The emotional loss of early miscarriage is misunderstood in general, but throw years of fertility treatment into the mix and you’ve got a minefield for misunderstanding. Case in point:
Dawn, I’m addicted to the podcasts and somehow think you’ll get where I’m coming from and understand my frustration. Any advice would be great. We’ve been trying to get pregnant for 3 years, 7 months. If I gave it much thought I could tell you the number of days too. We didn’t wait too long, and we don’t know why we can’t get pregnant. (I’m 31 and DH is 30).
We had our first IVF cycle, which we saved for a year to pay for, this past summer. It failed. We did a FET [frozen embryo transfer] in November. It worked. I couldn’t believe my luck. Telling my parents that I was pregnant was one of the best experiences of my life. I was floating on air, but 3 weeks later the embryo stopped growing and all of a sudden I wasn’t pregnant. We are devastated.
It’s like this huge black cloud has moved into our house. But the part that has been hardest for me to handle is the response I get from almost everyone. They say, oh that’s a bummer or I’m sorry, but then they move on and act like it is something minor like having to replace the carburetor in your car. A bummer, a head ache, but ultimately nothing to get too upset about because after all you were hardly pregnant. Then they tell me how common it is—it seems like everyone loses a baby at 3 weeks and just gets over it. My parents were like, Oh well, if it was going to happen better that it happened early. You can try again.
Nobody seems to get how hard this is for us. I know on one of your miscarriage shows you talked about support groups, but they all seem more for people who lost children closer to birth or right after birth, not for someone who lost the baby in the first weeks of pregnancy. And now with the holidays and all the family gatherings, I just want to crawl into a hole and disappear with my pain. Any thought?
Hardly pregnant??? Haven’t they heard the expression “there’s no such thing as being a little pregnant”?
First, I am so sorry for your loss. I’m also sorry that you feel so alone with your pain especially at this time of year with all the happiness and crowds. There is nothing worse than feeling alone in a crowd.
Infertility Changes Impact of Early Miscarriage
You’re right that few people understand the pain of miscarriage in general, and the earlier the miscarriage, the less the understanding. Truthfully, early pregnancy loss is quite common, but many people who aren’t infertile either don’t know they are pregnant that early, or if they do, they haven’t invested much emotion in the pregnancy at that point, so it is easier to take the philosophical approach that is was probably for the best. But these people aren’t infertile.
Infertility patients have often invested years of emotion, money, and energy into getting those two blue lines. This pregnancy is the answer to years’ worth of prayers. Yep, the infertile have a whole lot invested in the pregnancy from the second the embryo is transferred. Oh course you are devastated even if there was something wrong with the embryo, and it is “for the best”. And let’s face it—trying again is not as easy for the infertile as simply making love. If you don’t have more embryos frozen, you will have to go through the physical, emotional, and financial pain of another IVF cycle. Yeah, the average fertile person doesn’t have a clue, and they don’t realize how truly fortunate they really are. That ignorance is a luxury the infertile do not have.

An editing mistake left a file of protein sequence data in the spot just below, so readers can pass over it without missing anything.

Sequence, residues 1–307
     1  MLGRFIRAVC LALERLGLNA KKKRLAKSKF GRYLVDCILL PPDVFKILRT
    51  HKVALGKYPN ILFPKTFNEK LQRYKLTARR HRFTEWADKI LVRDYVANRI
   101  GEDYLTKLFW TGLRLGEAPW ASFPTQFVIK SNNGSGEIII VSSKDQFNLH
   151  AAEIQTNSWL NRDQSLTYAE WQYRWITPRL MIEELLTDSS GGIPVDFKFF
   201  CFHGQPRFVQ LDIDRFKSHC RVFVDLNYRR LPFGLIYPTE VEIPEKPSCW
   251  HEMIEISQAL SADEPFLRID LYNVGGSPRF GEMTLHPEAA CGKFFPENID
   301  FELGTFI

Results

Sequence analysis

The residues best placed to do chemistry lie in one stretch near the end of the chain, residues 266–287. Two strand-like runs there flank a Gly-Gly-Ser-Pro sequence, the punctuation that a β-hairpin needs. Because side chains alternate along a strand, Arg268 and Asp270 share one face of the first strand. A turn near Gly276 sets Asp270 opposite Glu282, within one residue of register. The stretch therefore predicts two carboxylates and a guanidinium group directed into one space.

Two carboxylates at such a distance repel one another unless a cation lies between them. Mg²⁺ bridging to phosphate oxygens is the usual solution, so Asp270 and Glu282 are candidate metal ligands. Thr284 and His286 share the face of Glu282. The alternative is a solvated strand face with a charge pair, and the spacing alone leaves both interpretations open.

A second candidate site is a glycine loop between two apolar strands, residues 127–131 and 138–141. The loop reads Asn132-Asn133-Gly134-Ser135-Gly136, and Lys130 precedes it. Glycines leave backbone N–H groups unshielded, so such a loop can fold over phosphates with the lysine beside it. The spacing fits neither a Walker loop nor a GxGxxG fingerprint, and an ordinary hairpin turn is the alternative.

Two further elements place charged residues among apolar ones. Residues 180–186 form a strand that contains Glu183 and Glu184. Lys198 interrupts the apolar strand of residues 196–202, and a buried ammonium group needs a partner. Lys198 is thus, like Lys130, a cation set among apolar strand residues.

I think it’s helpful to realize that most people, especially those who love you, are more clueless than callous. That shift in your attitude will go a long way to soothing your hurt. They probably think that minimizing the importance of this loss will help you “get over it” faster.
How to Explain Your Pain
I would try to explain what it took for you to get to this pregnancy. How it was the answer to years of prayers, money and energy. Explain what it will take to “try again”. Using “I” statement, tell them that their quick dismal of your pain hurts you and leaves you feeling alone. (Ex. I feel abandoned with my grief when you suggest that I’ll get over it soon. That may be true, but right now I hurt and need your understanding.) If you are a person who can write it out better than talk it out, or if your family is the type that needs time to process to avoid becoming defensive, then send them a snail mail letter. Nothing registers importance more than a written letter. For mere acquaintances, I wouldn’t go to the trouble and probably wouldn’t even share the details of why you are grieving.
Resources to Survive the Holidays after an Early Miscarriage
If you don’t get resolution before the holidays and are convinced that being with your family will cause you more pain, then don’t hesitate to limit your exposure. We have tons of suggestions of ways to handle the inevitable stresses of being involuntarily childless over the holidays.
Other Creating a Family Resources You Will Enjoy
- Miscarriage: The Death of a Dream Child
- Solving the Mystery of Miscarriages
- Did You Do Something to Cause Your Miscarriage?
- Miscarriage Land Mine – “How Many Children Do You Have?”